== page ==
Heterosexuality is romantic and/or sexual attraction or behavior between members of the opposite sex or gender. As a sexual orientation, heterosexuality refers to "an enduring pattern of or disposition to experience sexual, affectional, physical or romantic attractions to persons of the opposite sex"; it also refers to "an individual’s sense of personal and social identity based on those attractions, behaviors expressing them, and membership in a community of others who share them".
Homosexual relationships and acts have been admired, as well as condemned, throughout recorded history, depending on the form they took and the culture in which they occurred.
It is one of the three main classifications of sexual orientation, along with a heterosexual and a homosexual orientation, all a part of the heterosexual-homosexual continuum. Pansexuality may or may not be subsumed under bisexuality, with some sources stating that bisexuality encompasses sexual or romantic attraction to all gender identities.
Sexual orientation is an enduring emotional, romantic, sexual, or affectionate attraction toward others. It is easily distinguished from other components of sexuality including biological sex, gender identity (the psychological sense of being male or female), and the social gender role (adherence to cultural norms for feminine and masculine behavior). Sexual orientation exists along a continuum that ranges from exclusive heterosexuality to exclusive homosexuality and includes various forms of bisexuality.
Bisexuality may be a difficult topic to comprehend. Many of us are taught to look at almost everything in the universe as a duality: male and female, light and dark, hot an cold, moral and immoral, etc. This is also seen with human sexual orientation. Most view it as existing in two forms: heterosexuality and homosexuality. But human sexuality is a little more complex than that. One cannot squeeze the full range of human sexual feelings and behaviors into only two classifications.
Heterosexism, however, denotes the "system of ideological thought that makes heterosexuality the sole norm to follow for sexual practices". As a bias favoring heterosexuals and heterosexuality, heterosexism has been described as being "encoded into and characteristic of the major social, cultural, and economic institutions of our society" and stems from the essentialist cultural notion that maleness-masculinity and femaleness-femininity are complementary.
Queer theory's main project is exploring the contesting of the categorization of gender and sexuality; identities are not fixed – they cannot be categorized and labeled – because identities consist of many varied components and that to categorize by one characteristic is wrong.
Queer theory, however, has been criticized in a myriad of ways (Jagose, 1996). One set of criticisms comes from theorists who are sympathetic to gay liberation conceived as a project of radical social change. An initial criticism is that precisely because ‘queer’ does not refer to any specific sexual status or gender object choice, for example Halperin (1995) allows that straight persons may be ‘queer,’ it robs gays and lesbians of the distinctiveness of what makes them marginal. It desexualizes identity, when the issue is precisely about a sexual identity (Jagose, 1996).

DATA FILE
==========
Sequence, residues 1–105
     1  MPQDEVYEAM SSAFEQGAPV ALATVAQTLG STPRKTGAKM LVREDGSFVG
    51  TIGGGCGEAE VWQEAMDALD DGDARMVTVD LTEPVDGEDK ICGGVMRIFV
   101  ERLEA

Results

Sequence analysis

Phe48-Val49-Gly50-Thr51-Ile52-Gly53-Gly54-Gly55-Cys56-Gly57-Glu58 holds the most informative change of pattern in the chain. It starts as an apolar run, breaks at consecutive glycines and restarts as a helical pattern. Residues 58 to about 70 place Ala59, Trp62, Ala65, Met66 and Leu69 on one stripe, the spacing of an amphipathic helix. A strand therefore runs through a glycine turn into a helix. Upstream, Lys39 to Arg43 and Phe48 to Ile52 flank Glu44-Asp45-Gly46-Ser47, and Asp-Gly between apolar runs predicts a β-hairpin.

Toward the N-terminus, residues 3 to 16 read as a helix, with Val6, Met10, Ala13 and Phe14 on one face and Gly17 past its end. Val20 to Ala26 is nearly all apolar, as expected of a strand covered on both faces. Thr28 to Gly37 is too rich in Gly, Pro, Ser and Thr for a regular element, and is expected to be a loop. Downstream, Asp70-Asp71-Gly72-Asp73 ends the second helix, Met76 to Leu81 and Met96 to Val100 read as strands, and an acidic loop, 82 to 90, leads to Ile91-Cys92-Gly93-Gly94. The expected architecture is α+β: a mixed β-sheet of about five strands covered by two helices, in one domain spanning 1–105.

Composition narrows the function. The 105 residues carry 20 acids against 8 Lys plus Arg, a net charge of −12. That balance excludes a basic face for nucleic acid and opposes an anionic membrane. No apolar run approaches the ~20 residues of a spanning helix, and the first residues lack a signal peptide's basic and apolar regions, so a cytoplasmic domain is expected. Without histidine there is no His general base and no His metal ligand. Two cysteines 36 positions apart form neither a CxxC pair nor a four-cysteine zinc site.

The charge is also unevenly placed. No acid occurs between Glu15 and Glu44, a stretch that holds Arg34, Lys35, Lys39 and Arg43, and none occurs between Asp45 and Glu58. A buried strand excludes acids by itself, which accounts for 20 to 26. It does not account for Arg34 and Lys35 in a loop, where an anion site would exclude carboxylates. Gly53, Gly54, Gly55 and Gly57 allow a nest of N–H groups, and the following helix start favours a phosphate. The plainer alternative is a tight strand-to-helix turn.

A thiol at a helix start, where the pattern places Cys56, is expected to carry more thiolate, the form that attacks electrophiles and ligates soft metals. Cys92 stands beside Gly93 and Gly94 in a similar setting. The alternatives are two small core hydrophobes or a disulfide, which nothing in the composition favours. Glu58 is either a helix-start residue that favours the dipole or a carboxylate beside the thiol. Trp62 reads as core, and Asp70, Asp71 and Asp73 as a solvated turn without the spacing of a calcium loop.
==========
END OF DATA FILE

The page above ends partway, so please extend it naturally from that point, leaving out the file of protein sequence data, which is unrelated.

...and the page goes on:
No simple, single cause for sexual orientation has been conclusively demonstrated, but research suggests that it is by a combination of genetic, hormonal, and environmental influences, with biological factors involving a complex interplay of genetic factors and the early uterine environment.
Prenatal androgens may therefore influence adult human sexual orientation in both sexes, and a mother's body appears to 'remember' previously carried sons, altering the fetal development of subsequent sons and increasing the likelihood of homosexuality in adulthood.
Many educated Catholics know that the Church bases her moral teaching on Natural Law, but few educated after the 60′s know what that means. It all begins with Romans 1:18-21:
Like similar attempts to avoid rational discussion of an issue, the homophobia argument completely misses the point. Even if a person were afraid of homosexuals, that would not diminish his arguments against their behavior. The fact that a person is afraid of handguns would not nullify arguments against handguns, nor would the fact that a person might be afraid of handgun control diminish arguments against handgun control.
"What is the difference between a gay and a straight man?" with the answer being, "Six beers." Could it really be true that homosexual and heterosexual males become one after the consumption of only six alcoholic grain beverages?